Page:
Parenting As A Survivor {Sexual Assault Awareness Month}

sexual assaultI’m a survivor of childhood sexual assault.

In America, 1 in 4 girls and 1 in 6 boys will be sexually assaulted by the age of 18.

That’s not okay. April is Sexual Assault Awareness Month. I appreciate that there is a month devoted to heightening awareness (like so many worthy causes), but with these numbers, this needs to be a daily conversation. I worked diligently through the years to heal. Then I became a parent. This is how it changed me.

I take protective parenting seriously.

The most beautiful and scariest words that I heard after birth were, “It’s a girl!” Not because I wasn’t ecstatic. I had forever wanted a baby girl! Immediately, my thoughts turned to “How will I protect her?”, “What if history repeats itself?”, “What if…” For weeks, while my body healed, my mind worried. To this day, two years later, I am highly cautious about who I leave my child alone with. While this has caused some friction and hurt feelings, I will not apologize for minimizing the opportunity for an adult or older child to be alone with her.

We DON’T DO SECRETS. 

Ever. That simple.

We use anatomically correct language with our children.

Vaginas are vaginas. Penises are penises. We don’t call them “cookies,” “no-no’s” or “privates.” We do not shame children for touching. Instead, we encourage healthy boundaries. We educate our children about safe and unsafe touching, and we talk openly about what types of touching are okay. We also talk openly about who can and cannot touch our bodies and how it is appropriate.

We DON’T force anything.

We listen to our children’s emotions. As adults, many of us have forgotten how it feels when the entire world was scary and new. We aren’t as empathetic with our children as they learn to navigate socially and emotionally. Yes, children will test boundaries (and your patience!). Yes, setting limits is important. But so is paying attention and taking note of red flags. Ask open-ended questions of your child and really listen to their answers. I try to allow for extra time when taking my child to a friend or family member’s home just to observe their behavior. Remember, they are learning how to communicate and learning what behaviors are appropriate. Listen to your child’s verbal and nonverbal cues about how safe they feel.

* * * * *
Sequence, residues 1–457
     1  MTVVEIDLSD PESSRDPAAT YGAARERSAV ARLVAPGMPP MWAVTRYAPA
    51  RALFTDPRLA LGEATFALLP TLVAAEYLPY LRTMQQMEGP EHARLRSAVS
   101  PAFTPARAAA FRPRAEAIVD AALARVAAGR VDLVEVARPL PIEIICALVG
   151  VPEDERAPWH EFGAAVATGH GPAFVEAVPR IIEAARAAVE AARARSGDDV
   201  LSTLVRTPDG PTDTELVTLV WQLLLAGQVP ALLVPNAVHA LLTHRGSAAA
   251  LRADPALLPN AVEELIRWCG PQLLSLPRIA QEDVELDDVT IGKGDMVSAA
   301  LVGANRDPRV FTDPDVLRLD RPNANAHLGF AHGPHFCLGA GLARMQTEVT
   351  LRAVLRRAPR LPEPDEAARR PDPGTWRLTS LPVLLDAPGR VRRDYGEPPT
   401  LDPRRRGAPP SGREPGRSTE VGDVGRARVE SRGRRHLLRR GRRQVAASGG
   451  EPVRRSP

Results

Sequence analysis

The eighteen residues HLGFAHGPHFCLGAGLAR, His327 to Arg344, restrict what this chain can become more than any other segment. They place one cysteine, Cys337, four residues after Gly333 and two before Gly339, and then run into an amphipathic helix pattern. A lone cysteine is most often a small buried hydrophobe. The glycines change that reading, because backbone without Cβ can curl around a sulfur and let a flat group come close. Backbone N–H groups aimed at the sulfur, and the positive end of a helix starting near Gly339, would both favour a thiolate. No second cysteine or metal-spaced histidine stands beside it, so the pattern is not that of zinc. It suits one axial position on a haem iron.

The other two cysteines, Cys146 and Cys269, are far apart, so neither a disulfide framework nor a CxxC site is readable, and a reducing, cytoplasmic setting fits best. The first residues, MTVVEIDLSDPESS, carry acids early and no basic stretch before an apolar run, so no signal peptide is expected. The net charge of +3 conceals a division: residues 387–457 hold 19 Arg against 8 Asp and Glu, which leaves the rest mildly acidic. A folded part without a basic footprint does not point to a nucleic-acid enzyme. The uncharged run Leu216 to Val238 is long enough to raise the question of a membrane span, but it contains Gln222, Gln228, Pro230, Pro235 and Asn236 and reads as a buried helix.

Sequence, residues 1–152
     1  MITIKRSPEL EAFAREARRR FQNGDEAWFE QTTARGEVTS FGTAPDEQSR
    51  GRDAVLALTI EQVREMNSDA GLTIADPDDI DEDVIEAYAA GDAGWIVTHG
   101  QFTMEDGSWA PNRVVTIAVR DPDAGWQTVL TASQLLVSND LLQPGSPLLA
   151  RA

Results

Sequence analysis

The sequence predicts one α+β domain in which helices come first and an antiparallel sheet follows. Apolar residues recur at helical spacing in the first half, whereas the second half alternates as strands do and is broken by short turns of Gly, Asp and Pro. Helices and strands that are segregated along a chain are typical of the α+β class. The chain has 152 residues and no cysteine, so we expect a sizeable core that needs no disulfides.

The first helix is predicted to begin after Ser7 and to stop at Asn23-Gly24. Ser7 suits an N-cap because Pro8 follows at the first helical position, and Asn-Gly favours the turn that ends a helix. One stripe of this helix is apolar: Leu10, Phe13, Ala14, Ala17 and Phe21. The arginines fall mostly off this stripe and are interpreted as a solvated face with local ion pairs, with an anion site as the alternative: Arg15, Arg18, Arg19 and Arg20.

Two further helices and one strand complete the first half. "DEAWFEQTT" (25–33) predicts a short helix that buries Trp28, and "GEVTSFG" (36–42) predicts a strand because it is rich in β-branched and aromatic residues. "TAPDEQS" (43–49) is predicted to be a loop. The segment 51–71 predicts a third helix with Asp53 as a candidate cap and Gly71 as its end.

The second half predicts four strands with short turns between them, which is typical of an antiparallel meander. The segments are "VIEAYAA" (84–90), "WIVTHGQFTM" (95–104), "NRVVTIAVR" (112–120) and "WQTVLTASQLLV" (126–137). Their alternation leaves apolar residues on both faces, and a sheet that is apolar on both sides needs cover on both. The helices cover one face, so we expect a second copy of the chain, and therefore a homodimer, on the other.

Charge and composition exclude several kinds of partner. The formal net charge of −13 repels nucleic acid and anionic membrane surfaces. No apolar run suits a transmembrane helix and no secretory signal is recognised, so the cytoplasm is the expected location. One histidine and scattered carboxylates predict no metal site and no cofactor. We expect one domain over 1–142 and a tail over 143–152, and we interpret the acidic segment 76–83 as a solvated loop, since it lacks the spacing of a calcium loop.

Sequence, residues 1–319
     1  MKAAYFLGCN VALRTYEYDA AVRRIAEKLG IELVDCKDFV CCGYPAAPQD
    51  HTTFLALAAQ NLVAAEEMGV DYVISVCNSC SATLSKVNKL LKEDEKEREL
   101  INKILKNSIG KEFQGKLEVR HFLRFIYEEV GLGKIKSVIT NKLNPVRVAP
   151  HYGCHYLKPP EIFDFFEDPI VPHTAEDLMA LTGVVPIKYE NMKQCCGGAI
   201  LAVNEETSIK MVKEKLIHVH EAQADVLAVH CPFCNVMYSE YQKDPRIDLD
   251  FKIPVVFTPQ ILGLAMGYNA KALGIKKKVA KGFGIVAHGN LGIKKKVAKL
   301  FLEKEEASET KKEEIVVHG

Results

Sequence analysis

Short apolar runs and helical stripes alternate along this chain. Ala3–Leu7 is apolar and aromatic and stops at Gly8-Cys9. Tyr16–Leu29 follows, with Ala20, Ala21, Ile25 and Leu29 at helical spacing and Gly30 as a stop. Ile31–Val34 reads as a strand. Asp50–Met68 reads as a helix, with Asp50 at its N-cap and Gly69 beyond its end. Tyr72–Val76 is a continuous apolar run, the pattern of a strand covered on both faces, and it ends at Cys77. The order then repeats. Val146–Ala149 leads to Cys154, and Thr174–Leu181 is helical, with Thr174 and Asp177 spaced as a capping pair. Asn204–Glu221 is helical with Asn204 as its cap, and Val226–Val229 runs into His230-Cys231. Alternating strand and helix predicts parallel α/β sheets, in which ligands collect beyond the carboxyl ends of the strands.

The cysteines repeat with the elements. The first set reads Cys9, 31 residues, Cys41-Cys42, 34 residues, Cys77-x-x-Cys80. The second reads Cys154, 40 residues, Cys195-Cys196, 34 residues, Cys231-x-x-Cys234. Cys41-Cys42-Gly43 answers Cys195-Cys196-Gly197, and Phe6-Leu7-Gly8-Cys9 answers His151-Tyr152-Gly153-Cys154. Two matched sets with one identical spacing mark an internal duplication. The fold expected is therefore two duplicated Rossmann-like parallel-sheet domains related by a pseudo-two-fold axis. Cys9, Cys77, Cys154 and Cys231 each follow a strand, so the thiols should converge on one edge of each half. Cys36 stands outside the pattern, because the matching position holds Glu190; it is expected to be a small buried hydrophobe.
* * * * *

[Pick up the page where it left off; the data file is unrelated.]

You don’t get to bribe my child. 

When you say, “If you give me a hug, I’ll give you a lollipop!” you are grooming my child to accept bribes and setting them up for dangerous situations. Quid pro quo is unacceptable in my reality. It may appear harmless, but people who would harm a child are counting on the parents not to set good boundaries, or to charm or con their way into the parents’ good graces. It makes my skin crawl when adults try to bribe a child into touching them, including hugging.

Yes, some parents are this way without trauma. Some parents who have past trauma are not like this and that’s okay, too. This post is meant only to allow insight into how parenting as a survivor might look – and it will be different for each person. We never really know what has shaped a person into the parent that they are.

If you would like more information or are seeking support locally, the Wichita Area Sexual Assault Center offers free and confidential services to people who have been impacted by sexual violence. These services are available to people of all ages and genders, and include a 24-hour crisis line: 316-263-0185 or 877-927-2248.

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